THE ONE-WAY TICKET
When you hear the word Cuba what comes to mind? Cigars, classic cars, bold colors or perhaps delightful food? Although accurate, there is another perspective… do the names Fidel Castro or Fulgencio Batista ring a bell? “The Cold War” and “The Revolution” had impact on us all, but this story begins in Holguin, Cuba, 1961 through the eyes of a 14-year-old Cuban boy.
Typical of any adolescent… Juan J. Suarez roamed the streets of Holguin carefree unbeknownst to the political war Fidel Castro was waging. Castro was set on eradicating the United States’ influence in Cuba making the island an “equal” state… or as Juan says today “if your family worked hard to earn their money, by default, the majority would belong to the government.” His parents were not aligned with Fidel’s strategy and agreed to send Juan on a journey to freedom.
Ironically, Juan’s American uncle, John Armstrong was stationed at the U.S. Naval base in Guantanamo Bay (also known as “GTMO” leased nearly 60 years earlier on Cuban soil) and had a plan set for Juan.
After kissing his mother and father goodbye for what he thought would be a brief separation, he began his journey. Juan traveled from Holguin to Santiago De Cuba then Guantanamo, where he was hidden for 3 days. He spent a night in Caimanera before sneaking on board the boat that would take him to the Guantanamo Bay Naval Base (Map below for reference).
(Caimanera was the meeting point where migrant Cuban’s in the 1950’s and 60’s transferred daily to U.S. territory for various jobs that paid higher wages than Cuba).
Imagine approaching an international border between communism and democracy with a fake ID at the age of fourteen... Despite the intensity, Juan carried out the instructions outlined breaching the communist guard with no remarks. The strange baby-faced passenger took a seat on the boat among the daily travelers without a word. With his heart racing, the young Cuban made his way to U.S. soil with no immediate plan of return.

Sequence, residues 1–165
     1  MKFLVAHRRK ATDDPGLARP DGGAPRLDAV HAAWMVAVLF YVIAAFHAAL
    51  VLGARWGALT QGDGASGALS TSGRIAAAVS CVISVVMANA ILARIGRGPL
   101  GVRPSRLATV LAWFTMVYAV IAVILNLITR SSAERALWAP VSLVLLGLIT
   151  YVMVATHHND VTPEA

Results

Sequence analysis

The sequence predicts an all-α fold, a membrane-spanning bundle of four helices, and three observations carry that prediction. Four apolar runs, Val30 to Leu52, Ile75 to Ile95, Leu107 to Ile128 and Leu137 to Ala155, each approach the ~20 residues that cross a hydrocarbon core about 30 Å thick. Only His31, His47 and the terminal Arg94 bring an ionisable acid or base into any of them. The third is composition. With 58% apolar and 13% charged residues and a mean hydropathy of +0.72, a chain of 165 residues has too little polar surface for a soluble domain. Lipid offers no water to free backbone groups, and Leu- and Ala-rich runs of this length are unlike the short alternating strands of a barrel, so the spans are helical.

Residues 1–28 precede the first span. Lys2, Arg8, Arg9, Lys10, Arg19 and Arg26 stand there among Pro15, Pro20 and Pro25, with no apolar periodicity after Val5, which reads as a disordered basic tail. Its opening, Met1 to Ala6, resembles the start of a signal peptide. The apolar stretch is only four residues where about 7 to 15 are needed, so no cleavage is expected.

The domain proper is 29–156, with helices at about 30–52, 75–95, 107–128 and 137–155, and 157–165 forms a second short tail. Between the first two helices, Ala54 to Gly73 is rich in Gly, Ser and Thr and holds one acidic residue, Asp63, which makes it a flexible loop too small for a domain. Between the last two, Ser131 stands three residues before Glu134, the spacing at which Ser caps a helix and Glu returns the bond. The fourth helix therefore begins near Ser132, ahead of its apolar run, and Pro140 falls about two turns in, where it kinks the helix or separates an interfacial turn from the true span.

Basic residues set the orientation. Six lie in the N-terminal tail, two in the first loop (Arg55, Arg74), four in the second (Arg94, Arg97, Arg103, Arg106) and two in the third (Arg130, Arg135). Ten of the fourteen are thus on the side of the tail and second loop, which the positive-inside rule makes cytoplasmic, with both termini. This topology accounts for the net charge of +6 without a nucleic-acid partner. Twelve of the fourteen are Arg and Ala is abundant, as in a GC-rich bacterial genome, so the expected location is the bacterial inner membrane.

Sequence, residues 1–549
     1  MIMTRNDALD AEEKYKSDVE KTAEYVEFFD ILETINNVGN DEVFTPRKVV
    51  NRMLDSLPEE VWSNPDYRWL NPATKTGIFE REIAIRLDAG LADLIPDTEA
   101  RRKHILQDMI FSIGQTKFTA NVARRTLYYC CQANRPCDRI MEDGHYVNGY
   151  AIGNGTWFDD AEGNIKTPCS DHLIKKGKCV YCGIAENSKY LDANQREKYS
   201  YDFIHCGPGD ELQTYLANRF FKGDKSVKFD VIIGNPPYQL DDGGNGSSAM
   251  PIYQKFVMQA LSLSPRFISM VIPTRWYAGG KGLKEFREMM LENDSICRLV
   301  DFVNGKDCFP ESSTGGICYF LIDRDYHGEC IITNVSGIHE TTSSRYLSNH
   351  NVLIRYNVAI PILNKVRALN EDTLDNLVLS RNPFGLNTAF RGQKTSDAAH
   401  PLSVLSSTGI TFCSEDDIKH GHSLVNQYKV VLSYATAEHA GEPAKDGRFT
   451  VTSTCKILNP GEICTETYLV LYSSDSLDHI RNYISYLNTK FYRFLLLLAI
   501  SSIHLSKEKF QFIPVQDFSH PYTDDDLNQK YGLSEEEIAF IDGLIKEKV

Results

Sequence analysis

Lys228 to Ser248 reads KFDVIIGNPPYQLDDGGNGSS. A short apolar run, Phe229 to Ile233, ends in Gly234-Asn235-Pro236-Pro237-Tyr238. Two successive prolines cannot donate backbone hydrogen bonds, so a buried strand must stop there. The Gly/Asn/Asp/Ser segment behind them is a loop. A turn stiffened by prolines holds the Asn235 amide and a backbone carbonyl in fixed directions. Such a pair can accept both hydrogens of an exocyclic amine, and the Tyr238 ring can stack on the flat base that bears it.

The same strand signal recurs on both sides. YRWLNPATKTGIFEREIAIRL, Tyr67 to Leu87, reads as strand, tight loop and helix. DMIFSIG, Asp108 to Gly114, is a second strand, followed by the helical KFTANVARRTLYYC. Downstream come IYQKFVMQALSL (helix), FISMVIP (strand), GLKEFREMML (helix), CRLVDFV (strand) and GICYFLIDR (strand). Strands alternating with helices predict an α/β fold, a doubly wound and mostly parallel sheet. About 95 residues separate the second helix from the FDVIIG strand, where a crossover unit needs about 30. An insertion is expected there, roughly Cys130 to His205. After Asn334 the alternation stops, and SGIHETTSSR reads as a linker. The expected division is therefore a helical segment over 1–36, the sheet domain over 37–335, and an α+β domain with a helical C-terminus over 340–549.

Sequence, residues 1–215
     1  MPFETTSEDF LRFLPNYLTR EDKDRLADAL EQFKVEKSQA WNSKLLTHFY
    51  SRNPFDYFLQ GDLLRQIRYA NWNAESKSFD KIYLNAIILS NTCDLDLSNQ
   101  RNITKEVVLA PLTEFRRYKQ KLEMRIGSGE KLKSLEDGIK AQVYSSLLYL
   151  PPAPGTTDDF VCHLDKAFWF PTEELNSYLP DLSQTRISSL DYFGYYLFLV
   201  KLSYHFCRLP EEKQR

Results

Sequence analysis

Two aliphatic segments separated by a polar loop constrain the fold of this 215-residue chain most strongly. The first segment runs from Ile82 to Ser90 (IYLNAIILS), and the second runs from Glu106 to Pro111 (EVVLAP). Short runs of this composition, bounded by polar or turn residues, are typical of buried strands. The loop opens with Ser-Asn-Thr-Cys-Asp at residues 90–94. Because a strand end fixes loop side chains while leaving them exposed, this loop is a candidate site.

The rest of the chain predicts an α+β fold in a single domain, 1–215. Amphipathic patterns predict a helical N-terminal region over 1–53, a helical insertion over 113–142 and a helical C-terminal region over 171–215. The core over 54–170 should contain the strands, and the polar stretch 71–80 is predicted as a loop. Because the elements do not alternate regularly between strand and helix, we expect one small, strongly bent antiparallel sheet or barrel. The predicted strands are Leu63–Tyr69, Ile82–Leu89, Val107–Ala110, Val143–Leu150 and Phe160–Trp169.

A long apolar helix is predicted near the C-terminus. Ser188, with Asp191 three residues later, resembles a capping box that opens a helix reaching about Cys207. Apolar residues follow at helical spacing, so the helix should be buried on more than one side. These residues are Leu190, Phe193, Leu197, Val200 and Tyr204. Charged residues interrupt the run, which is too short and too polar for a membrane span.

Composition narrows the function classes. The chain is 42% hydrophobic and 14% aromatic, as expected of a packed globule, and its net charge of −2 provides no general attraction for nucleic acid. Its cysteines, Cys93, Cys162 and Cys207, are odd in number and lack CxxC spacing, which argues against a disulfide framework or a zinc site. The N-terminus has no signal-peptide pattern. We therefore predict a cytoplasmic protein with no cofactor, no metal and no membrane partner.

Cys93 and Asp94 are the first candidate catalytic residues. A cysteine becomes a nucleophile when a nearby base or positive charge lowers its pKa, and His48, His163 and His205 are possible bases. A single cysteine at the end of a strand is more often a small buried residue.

As the boat made its way to GTMO, Juan recalls spotting naval ships and marine guards from a distance. As the ship docked in Guantanamo Bay someone who recognized his face quickly pulled him off the boat asking, “are you a Cuban exile?” Juan recalls explaining he was at the base to meet his uncle and did not speak any English. Rather quickly, the guard made him a naval base ID to authenticate his arrival and shortly after that, he was reunited with his Uncle John.
For a full year Juan lived on the naval base under the guardianship of his uncle John Armstrong where he attended school, learned English and how to eat T-bone steak on U.S. soil.
Juan J. Suarez is now 71 living with his wife in Miami, FL. He has two children and two grandchildren. His memory of Cuba is struggle, pain, family detachment and self-exploration at a young age. To this day, GTMO houses about 30 exiled Cuban’s with similar stories to Juan who have not seen family members since the 60’s.
56 years later, Juan returned to Cuba thanks to the Guantanamo Bay Association which provided the opportunity to refresh his memory, meet and share stories with fellow exiles and visit the exact spot where he landed when he came from Caimanera. Juan’s story is dedicated to exiled Cuban’s who left their families behind in search for freedom and political idealism.
If you or anyone you know has a divine connection to Guantanamo Bay Naval Base you can also take a trip to relive your experiences by joining the association here. If you have any fond memories about your time in GTMO or you have a Cuban exile story we would love to hear more, drop us a line.